“My brother was one of the best (graffiti writers) on the street, and I’m grateful that Austin is able to keep his legacy alive,” says Martinez’s sister, Diane Perez, whose artwork is displayed alongside her brother’s pieces in the exhibit. Perez, who began painting after her brother’s death to help her with the grieving process, calls it “priceless” to know her late brother’s graffiti art now hangs in the cultural center’s art gallery.

For Robert “Kane” Herrera, who along with Martinez paved the way for Austin’s graffiti art scene, the exhibit offers a chance for a new generation to understand the art form’s history in the city. Herrera earned his first mural contract at 19 and worked on several murals including at Gillis Park and the “For la Raza” mural at the former Holly Power Plant. In 2018, he helped restore that mural as part of an effort to help save East Austin murals. “Graffiti goes beyond boundaries,” he said. “It’s about expression in its truest form. It is saying, ‘Here I am. I exist.’”

While preparing for the exhibit, Nordstrom combed through thousands of archival photos from 1984-2004. “And yet there’s still thousands of (photographs) that were never taken,” he says. Much of the history of the temporary art form, particularly its early days, now just lives through local graffiti artists who helped develop the scene here.

Nordstrom, who had been mentored by Martinez, remembers Austin’s second generation of graffiti artists rose between 1990-1998. Many of the first generation artists, he says, had moved on to more commissioned work or stopped painting. But Nordstrom, along with about a dozen other artists in that second generation, went on to form NBK, or No Boundaries Krew, an influential graffiti crew throughout the state and beyond.

“And then all of a sudden you got this crew that’s going around town doing graffiti everywhere – graffiti murals, painting freight trains,” Nordstrom says. “It was almost like this revival of Austin graffiti.” Other graffiti crews also began launching at the time.

By the 2000s, the internet brought more ways to share and document graffiti styles, and a third generation of artists began to experiment with broader color palettes and low-pressure spray paint cans, Nordstrom says.

″(Today’s murals) didn’t just pop out of nowhere,” he says. “A lot of people have sacrificed a lot, including going to jail, because they love the art.”

Each generation, he says, adds a layer to the foundation.

“As this city continues to grow, its history is crucial,” Nordstrom says. “It’s good to know where you come from. It’s good to know those roots.”


What: “Piecing It Together” panel discussion bringing featured graffiti artists together to talk about Austin’s graffiti art history from 1984-2004

Where: Emma S. Barrientos Mexican American Cultural Center

When: 1 to 3 p.m. Feb. 15; exhibit runs through March 28

Cost: Free

More information:


Anybody in the Long Beach area? This looks like a new exhibit on the horizon at MOLAA.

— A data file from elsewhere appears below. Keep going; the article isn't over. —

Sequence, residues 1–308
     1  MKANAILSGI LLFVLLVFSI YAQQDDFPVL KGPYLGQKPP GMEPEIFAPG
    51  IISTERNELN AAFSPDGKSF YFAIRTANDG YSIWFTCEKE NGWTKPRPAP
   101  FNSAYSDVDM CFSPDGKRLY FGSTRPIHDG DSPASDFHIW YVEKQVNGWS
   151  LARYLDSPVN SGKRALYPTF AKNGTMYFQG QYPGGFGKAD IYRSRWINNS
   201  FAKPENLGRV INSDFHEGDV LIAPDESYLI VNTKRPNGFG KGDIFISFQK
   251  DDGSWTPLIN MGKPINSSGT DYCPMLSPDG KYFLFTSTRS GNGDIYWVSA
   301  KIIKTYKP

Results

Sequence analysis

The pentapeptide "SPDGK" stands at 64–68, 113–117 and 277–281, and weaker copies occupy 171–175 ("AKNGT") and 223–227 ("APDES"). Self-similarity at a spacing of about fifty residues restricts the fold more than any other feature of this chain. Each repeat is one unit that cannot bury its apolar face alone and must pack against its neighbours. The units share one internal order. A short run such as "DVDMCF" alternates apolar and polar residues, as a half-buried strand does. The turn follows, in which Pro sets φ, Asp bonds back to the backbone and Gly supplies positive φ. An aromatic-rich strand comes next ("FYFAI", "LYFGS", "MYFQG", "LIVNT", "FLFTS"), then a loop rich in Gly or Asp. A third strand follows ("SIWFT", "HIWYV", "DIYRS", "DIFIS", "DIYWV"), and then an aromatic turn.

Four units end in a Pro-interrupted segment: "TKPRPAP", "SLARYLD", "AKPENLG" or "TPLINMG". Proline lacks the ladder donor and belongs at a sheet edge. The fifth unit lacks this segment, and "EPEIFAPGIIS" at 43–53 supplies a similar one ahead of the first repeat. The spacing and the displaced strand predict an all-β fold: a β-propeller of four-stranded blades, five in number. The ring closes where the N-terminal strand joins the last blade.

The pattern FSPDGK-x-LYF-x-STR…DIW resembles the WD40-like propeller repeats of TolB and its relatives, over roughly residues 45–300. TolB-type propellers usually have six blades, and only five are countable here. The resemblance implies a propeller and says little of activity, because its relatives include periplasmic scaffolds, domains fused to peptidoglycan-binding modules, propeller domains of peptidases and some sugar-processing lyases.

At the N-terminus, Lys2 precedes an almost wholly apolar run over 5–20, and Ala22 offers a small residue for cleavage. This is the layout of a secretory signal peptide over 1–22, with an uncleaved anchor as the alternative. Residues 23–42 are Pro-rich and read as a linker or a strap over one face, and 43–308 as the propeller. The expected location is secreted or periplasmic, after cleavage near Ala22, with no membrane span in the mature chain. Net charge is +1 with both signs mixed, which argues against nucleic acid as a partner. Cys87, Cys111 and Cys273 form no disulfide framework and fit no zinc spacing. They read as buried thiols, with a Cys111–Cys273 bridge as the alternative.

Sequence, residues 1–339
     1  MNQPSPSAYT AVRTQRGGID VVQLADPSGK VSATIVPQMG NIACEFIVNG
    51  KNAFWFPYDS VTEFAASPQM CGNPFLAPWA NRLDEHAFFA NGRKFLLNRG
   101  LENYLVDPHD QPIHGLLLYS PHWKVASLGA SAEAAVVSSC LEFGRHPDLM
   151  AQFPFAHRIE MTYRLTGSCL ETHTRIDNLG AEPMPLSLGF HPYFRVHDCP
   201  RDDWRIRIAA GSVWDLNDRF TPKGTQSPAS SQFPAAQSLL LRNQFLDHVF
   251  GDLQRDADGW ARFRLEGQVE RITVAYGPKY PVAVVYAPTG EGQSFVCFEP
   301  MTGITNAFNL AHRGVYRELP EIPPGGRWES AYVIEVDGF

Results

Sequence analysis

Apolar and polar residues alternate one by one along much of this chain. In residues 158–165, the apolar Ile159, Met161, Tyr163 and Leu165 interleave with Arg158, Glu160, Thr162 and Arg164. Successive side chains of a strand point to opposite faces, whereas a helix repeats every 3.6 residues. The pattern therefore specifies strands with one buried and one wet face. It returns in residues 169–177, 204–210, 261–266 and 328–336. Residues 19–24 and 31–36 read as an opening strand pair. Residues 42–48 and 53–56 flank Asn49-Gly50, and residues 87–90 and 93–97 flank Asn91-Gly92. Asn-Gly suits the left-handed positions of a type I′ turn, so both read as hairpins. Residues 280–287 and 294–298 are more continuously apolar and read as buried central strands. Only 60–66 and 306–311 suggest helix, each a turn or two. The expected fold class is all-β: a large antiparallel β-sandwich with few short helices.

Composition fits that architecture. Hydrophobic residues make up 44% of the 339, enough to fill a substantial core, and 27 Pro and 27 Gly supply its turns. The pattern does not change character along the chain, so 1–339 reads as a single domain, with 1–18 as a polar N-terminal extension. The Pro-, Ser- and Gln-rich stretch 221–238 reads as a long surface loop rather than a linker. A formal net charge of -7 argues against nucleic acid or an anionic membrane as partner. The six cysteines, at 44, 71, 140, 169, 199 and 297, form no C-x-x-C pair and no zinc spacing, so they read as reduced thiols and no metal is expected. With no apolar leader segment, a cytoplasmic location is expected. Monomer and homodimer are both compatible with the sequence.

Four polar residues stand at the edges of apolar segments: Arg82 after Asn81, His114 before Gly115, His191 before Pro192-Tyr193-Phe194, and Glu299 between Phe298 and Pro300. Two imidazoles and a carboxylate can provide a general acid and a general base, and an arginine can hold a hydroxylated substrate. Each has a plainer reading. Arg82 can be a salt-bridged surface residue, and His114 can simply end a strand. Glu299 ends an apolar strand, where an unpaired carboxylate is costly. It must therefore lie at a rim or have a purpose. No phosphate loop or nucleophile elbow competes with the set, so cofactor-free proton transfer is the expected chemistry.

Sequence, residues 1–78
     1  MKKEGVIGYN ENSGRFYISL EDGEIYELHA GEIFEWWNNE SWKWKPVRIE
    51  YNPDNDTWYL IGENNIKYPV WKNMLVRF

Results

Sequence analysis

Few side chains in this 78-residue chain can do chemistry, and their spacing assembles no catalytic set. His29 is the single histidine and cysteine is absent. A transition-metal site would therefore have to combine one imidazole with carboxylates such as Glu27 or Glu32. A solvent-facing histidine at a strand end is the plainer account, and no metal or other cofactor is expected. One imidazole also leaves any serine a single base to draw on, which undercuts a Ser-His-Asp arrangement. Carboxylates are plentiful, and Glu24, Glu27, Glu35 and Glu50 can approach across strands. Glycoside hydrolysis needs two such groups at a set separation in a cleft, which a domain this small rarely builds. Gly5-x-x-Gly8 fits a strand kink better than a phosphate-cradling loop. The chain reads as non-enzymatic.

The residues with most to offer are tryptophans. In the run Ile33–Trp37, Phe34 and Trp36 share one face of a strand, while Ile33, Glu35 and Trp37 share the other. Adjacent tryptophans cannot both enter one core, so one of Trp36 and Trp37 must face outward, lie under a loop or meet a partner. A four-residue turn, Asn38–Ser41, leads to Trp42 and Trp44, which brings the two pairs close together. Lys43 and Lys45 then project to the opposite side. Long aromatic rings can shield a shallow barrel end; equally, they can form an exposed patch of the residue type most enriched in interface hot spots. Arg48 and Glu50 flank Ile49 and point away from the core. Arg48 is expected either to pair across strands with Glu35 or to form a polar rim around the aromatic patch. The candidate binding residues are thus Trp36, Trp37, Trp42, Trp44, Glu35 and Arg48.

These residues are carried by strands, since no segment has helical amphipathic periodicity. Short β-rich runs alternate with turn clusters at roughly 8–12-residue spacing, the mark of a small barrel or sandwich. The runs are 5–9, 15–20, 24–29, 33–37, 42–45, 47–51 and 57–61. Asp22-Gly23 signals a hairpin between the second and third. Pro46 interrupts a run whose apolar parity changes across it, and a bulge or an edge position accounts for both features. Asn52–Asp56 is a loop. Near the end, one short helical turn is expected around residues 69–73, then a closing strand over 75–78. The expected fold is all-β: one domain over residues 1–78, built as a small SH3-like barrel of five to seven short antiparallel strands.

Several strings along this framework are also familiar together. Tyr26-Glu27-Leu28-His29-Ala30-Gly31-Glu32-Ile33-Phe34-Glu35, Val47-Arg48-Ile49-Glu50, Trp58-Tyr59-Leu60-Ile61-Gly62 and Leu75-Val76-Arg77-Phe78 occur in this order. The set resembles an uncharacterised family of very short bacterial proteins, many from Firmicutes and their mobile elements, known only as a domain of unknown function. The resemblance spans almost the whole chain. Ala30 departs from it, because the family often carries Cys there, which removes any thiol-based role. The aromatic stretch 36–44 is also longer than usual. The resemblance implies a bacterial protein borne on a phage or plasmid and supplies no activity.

Exclusive Member Opening
7 PM – 9 PM | Free

The Museum is proud to present the culturally prominent exhibition of Oaxacan Murals. The series consists of eight murals created by Oaxacan artist collective, Tlacolulokos. The murals explore the intersections of language and culture as a key lifeline – sustaining the shared experience between Los Angeles and Mexico, and beyond. By focusing on exploring the history and underrepresentation of indigenous peoples, the murals address how migration and the socio-political environment shape identity and cultural traditions.

Members – RSVP by clicking below or calling us at (562) 437—1689.

  • Museum of Latin American Art628 Alamitos AvenueLong Beach, CA, 90802United States (map)

Cecilia Vicuña: “About to Happen”, Museum of Contemporary Art, North Miami, 2019-20

In celebration of Miami Art Week 2019, the Museum of Contemporary Art North Miami (MOCA) will present the first major U.S. solo exhibition of influential Chilean-born artist Cecilia Vicuña. “About to Happen” traces Vicuña’s career-long commitment to exploring discarded and displaced materials, peoples, and landscapes in a time of global climate change,

“Cecilia Vicuña: About to Happen” is comprised of Vicuña’s multidisciplinary work in performance, sculpture, drawing, video, text, and site-specific installations created over 40 years. Reframing dematerialization as both a formal consequence of 1960s conceptualism and radical climate change, the exhibition examines a process that shapes public memory and responsibility. Operating fluidly between concept and craft, text and textile, Vicuña’s practice merges dissimilar disciplines and communities with shared relationships to land and sea, and to the economic and environmental disparities of the 21st century.


Vicuña’s work reflects the overlapping dialogs of conceptual art, land art, poetry, and feminist art practices. For the first time in this traveling exhibition, the show will include painting, a practice which Vicuña began in the 1970s and to which she has recently returned – in some cases, repainting lost paintings from memory.  The addition of painting to “Cecilia Vicuña: About to Happen” is an affirmation of a practice that exists, in its entirety, in the logic of every single work – and yet – is also, always evolving.